Wednesday, September 29, 2010

32. The Saintmakers: WILLY LAYUG

Wilfredo Tadeo Layug comes an artistic family from Betis, all sculptors and woodcarvers from barangay Sta. Ursula, considered as the town’s art center. In this creative milieu, Layug grew up, exposed to the art of santeros, sculptors, painters and folk artists.

Layug, however is academically trained. He finished B.S. Architecture and Fine Arts at the University of Santo Tomas as a scholar of Pampanga Governor, Estelito Mendoza. Influenced by local carvers who specialized in sacred art, Layug opened his shop in his hometown, which he further expanded after the eruption of Mt. Pinatubo.

While companies were laying off, Layug’s santo business generated jobs for 29 skilled workers, mostly relatives, friends and neighbors. It is to his credit that the shop helped the barrio get up on its feet and regain its glory days as the premier woodcarving capital of the country, a reputation established by his kabalen (town mate), the acclaimed Juan Flores.

Like a true academician, Layug improved his craft by reading art books, frequenting exhibits and joining pilgrimages to Europe and other parts of the world to observe and study the works of the Masters. He has even gone to Oberammergau in Germany, where the famed Passion Play is re-enacted every 10 years. To his surprise, Layug discovered that the quaint German town was also a woodcarving village like Betis.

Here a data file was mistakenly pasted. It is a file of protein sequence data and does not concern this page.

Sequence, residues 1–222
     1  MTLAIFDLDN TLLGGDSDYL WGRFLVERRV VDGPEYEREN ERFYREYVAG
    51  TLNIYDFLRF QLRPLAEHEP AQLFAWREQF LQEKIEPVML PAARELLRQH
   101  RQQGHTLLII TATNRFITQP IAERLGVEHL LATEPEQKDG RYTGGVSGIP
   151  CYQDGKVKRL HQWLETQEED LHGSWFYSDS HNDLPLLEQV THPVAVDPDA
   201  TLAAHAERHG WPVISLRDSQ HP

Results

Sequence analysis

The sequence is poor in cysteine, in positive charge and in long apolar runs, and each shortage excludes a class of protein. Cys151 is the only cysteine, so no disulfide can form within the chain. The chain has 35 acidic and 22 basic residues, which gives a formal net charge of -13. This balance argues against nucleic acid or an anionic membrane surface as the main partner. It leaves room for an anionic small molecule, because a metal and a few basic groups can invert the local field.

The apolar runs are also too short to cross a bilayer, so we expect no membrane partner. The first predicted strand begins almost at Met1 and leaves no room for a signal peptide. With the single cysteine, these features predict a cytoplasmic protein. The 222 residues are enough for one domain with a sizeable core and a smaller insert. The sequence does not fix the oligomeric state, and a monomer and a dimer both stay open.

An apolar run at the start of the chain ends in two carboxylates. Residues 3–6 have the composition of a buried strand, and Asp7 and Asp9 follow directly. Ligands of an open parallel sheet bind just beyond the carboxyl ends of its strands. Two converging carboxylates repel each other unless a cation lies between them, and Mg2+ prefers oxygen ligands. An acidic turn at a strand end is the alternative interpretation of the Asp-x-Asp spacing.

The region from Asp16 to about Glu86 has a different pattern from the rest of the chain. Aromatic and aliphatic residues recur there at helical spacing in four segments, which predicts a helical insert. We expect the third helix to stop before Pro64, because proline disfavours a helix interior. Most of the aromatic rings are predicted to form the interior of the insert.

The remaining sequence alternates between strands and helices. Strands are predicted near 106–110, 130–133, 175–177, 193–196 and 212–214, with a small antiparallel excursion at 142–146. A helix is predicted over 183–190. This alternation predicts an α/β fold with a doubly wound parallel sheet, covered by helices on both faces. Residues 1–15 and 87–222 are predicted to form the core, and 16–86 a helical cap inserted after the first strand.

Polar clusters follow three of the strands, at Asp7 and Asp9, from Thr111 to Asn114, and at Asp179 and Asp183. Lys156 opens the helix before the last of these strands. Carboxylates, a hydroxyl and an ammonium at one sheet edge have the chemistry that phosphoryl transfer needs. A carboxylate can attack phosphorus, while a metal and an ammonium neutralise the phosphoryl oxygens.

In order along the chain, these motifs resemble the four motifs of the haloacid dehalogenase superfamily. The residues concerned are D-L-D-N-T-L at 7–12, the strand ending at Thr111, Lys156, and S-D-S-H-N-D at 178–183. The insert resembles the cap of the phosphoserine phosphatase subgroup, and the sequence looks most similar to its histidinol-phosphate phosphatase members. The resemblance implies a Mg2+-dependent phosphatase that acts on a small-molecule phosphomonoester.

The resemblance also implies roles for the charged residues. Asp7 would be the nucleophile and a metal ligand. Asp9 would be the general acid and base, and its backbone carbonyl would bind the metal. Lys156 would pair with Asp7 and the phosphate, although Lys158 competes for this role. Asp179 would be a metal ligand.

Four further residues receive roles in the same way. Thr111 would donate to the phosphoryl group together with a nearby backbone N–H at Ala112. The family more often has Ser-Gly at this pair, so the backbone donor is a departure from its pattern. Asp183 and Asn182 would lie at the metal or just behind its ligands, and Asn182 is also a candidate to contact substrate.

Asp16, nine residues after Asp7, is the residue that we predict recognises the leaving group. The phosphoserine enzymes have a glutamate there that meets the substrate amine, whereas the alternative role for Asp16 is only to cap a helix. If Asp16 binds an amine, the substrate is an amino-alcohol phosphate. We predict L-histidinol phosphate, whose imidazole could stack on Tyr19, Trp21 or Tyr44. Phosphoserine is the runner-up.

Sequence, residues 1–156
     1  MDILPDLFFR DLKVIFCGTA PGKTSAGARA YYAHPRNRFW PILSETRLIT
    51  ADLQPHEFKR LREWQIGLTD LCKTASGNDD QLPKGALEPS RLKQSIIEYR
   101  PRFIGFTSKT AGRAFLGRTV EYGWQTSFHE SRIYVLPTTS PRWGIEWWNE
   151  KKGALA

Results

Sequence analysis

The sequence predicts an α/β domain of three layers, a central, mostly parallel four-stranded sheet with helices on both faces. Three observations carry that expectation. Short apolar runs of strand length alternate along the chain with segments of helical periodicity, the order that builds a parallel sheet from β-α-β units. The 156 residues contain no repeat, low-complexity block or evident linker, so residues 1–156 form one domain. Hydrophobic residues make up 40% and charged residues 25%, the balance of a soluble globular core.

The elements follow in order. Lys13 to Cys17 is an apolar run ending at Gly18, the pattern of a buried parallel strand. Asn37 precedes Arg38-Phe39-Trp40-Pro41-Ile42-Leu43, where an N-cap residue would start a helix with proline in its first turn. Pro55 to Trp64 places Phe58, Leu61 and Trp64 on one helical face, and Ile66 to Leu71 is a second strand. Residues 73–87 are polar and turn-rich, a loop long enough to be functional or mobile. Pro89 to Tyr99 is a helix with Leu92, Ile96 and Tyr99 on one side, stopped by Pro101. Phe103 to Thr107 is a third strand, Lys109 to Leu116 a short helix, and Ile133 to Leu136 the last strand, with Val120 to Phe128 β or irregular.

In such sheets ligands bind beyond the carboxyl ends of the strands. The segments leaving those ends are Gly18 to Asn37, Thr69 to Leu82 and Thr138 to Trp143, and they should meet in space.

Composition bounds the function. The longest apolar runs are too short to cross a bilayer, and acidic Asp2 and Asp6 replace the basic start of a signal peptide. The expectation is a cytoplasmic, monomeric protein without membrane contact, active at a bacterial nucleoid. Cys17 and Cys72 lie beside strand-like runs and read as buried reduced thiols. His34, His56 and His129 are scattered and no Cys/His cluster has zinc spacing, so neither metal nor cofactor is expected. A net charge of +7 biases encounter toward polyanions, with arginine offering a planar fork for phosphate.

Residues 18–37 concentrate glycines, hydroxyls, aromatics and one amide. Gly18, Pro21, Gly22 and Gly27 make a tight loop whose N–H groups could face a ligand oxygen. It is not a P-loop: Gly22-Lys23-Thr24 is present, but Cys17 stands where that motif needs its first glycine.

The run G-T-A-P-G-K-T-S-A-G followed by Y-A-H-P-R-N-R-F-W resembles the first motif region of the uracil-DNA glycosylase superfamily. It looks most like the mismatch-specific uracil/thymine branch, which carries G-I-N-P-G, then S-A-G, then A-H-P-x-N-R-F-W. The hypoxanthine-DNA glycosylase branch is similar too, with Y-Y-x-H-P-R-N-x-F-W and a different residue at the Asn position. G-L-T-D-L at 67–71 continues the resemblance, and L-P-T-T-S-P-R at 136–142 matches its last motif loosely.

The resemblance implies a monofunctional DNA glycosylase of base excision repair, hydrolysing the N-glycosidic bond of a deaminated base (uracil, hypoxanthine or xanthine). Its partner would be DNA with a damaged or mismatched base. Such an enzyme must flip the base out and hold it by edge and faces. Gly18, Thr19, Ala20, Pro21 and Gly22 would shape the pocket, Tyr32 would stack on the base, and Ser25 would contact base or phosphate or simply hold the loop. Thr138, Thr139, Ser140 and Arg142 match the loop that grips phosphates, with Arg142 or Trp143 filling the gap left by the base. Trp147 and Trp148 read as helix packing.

He has also traveled to Seville, Spain where he studied the art of estofado, a finishing technique in which gold leaf is applied over the surface of a santo which is then painted with the desired color. The surface is then delicately scratched or incised with design to reveal the gold underneath.

In 2002, Layug was awarded Most Outstanding Kapampangan for Ecclesiastical Art; in 2005, he was appointed as a committee member of the Pampanga Day celebration. On 3 December 2005, Layug was also awarded as Outstanding Guaguaño for sculpture and ecclesiastical arts.

In 2006, he opened a new gallery along Olongapo-Gapan Road which now houses his Spanish-style carved masterpieces. His latest opus is the retablo mayor of the Chapel of San Angelo of Holy Angel University.